At it’s foundation, it’s been dubbed as an echo-chamber for racism. And while most social channels have worked extensively to address racism on their networks, Gab has remained mostly hands-off. According to an article by BBC, the founder believes that people should have the right to free speech, especially as it relates to political discourse. He identified that people were being censored, especially individuals with extremely conservative ideas. However, following the shooting they released a statement indicating that they condemned acts of terrorism and violence. But the problem is that online hate speech is up 600% according to Macleans and there’s a blurring of lines between free speech and hate speech.
But Gab is thirsty. They have a long way to go if they want to catch up to Twitters 300 million users, (Gab has about 400,000.) Following the shooting yesterday, they tweeted this:
Here’s what social media users need to know and understand:
(1) Not all speech is protected.
In Canada, many people are surprised to find out that free speech isn’t what they thought it was; it’s not absolute and there are restrictions. Things like hate speech and defamation (libel) actions are excluded. So the answer is “yes”, if you live in Canada you can be fired for what you post online, even if it’s on Gab. However, the USA is a little grey on this. The exclusions include speech around obscenity, child pornography, fighting words and offensive speech etc. Though it’s unclear as to when these restrictions are actually upheld. According to the Los Angeles Times, hate speech is protected in the USA.
(2) Free speech doesn’t mean free from consequences. (Even Gab is learning that.)
There are many stories of people in Canada and the USA who have been fired from their jobs, lost contracts, services etc., as a result of what they shared online.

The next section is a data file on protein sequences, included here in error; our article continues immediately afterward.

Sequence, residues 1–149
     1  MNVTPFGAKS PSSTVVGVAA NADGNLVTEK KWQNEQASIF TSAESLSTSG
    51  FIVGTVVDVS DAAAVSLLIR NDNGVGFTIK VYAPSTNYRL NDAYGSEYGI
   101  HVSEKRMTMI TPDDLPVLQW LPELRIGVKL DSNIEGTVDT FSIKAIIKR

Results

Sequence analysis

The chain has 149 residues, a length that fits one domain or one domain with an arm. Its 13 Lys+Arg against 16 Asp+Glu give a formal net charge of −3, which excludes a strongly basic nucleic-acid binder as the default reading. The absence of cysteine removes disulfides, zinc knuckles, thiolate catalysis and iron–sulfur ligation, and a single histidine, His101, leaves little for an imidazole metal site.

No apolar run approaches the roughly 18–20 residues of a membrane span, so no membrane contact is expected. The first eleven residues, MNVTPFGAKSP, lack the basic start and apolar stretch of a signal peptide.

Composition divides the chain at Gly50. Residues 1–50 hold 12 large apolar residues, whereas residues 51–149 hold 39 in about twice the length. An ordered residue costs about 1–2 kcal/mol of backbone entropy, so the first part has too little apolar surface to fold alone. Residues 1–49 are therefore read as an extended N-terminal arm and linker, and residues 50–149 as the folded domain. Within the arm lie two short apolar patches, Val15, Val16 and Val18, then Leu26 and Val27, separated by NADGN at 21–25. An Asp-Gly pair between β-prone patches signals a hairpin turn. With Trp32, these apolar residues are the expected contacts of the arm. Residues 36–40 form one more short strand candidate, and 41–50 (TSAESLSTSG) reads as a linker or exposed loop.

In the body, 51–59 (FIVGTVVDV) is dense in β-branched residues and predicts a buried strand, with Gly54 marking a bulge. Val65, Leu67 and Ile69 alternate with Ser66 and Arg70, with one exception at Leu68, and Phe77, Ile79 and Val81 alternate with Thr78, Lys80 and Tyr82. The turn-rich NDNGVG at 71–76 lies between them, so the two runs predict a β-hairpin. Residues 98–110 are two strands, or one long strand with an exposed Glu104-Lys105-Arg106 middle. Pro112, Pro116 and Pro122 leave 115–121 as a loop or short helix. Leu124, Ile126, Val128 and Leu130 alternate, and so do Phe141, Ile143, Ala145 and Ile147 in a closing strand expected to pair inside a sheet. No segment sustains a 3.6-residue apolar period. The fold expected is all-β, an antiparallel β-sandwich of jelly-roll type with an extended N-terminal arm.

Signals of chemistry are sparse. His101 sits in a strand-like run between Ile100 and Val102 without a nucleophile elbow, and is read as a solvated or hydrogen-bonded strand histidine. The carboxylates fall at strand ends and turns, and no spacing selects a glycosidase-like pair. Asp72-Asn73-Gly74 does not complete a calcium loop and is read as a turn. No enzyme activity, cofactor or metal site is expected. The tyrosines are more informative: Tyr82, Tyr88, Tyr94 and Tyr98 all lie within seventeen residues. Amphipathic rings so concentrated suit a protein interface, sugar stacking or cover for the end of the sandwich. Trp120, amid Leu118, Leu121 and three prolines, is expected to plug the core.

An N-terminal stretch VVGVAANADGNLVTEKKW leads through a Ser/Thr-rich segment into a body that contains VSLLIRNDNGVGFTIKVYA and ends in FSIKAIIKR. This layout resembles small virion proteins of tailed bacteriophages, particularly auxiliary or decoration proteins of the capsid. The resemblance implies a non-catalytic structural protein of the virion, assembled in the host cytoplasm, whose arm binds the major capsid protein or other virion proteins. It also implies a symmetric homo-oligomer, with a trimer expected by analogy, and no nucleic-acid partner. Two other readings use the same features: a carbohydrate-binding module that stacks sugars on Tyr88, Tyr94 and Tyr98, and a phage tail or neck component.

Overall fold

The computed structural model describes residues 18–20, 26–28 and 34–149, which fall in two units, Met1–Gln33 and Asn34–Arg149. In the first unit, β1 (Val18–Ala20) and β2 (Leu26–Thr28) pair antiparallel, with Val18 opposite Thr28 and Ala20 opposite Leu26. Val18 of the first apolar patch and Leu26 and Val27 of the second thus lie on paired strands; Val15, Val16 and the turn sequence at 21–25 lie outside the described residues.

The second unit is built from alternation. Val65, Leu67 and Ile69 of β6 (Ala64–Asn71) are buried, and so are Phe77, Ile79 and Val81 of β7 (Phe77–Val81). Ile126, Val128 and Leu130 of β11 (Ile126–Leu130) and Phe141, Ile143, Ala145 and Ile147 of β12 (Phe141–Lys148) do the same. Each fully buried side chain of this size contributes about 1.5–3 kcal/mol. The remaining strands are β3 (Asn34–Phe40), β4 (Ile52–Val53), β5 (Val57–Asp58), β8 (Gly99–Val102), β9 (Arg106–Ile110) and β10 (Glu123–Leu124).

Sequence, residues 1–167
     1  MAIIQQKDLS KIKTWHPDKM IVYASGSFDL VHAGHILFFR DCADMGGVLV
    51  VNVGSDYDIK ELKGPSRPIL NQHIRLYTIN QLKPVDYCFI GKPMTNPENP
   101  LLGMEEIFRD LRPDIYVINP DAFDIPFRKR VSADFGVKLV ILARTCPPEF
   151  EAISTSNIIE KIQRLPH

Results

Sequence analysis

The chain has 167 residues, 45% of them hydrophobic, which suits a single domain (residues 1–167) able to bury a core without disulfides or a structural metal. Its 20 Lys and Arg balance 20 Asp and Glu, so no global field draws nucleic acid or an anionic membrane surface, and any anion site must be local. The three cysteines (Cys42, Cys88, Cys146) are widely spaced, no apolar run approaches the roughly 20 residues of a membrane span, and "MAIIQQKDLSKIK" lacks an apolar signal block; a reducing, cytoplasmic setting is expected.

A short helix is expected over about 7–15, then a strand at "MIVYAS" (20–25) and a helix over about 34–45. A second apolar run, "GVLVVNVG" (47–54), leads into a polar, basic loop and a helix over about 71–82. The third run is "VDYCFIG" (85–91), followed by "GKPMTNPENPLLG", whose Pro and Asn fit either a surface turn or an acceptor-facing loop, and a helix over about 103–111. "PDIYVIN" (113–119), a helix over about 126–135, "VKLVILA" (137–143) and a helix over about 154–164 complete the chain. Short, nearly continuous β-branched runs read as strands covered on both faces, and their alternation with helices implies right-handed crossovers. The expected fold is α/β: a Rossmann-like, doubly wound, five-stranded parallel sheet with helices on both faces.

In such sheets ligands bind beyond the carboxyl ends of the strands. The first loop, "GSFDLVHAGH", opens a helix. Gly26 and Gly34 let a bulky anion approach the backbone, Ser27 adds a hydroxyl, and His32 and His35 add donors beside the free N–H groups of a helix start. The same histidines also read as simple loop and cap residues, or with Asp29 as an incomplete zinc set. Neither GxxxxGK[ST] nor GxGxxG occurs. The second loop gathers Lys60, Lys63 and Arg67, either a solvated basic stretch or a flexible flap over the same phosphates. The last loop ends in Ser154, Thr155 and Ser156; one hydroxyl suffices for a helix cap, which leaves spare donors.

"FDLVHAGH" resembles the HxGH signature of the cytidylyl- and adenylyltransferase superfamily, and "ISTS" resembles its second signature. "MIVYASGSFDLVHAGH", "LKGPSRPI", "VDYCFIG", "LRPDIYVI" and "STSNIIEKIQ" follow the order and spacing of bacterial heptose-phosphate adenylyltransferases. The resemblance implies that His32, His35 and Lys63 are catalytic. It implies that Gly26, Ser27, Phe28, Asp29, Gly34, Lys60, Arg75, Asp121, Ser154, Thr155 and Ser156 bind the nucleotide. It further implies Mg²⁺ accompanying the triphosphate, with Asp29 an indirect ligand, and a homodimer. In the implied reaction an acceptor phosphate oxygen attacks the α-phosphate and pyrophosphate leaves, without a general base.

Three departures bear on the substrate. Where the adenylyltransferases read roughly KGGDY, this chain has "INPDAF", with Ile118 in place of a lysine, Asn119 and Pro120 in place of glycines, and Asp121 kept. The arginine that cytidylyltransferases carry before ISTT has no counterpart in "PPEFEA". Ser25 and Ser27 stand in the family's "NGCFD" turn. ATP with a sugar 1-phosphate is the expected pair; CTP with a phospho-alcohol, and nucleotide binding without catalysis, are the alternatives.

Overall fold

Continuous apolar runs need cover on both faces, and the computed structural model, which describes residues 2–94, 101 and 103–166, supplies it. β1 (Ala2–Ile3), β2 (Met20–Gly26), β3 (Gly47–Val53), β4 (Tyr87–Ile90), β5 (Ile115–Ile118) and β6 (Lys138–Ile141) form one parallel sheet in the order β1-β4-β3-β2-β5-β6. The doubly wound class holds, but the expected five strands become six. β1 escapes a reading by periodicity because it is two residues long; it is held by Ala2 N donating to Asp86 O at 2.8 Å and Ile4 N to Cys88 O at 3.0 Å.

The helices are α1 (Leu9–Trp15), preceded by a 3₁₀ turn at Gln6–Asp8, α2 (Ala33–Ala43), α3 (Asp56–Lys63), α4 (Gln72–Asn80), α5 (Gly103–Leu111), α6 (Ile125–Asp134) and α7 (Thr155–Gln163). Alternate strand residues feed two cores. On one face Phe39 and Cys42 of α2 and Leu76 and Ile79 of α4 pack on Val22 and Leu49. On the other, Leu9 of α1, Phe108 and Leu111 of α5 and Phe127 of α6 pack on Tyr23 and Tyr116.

Examples of people fired for Social Media posts:
And the list goes on and on and on.
You can be fired for what you post online if:
How can we avoid these uncomfortable situations as an employee? Or as an Employer?
As social media continues to evolve, employers need to be proactive about how to integrate discussion and policy into the workplace. And everyone needs to understand that they’re responsible for what they say and do both online and offline.
Other Related Blogs:
Social Media, Free Speech, Employee and Employer Rights: that day a woman got fired for flipping off the President
Think, before you think, before you post
Social Media and Freedom of Speech
What happens online doesn’t stay online
Social Media lessons: Addition Elle, “fat” and Facebook
Social Media, Freedom of Speech and Employment
Social media doesn’t happen in a vacuum (think, before you think, before you post!)
An employee you just terminated posted a scathing video to YouTube, what’s your next step?
When can you fire an employee for a social media post?
Social Media Training For Employees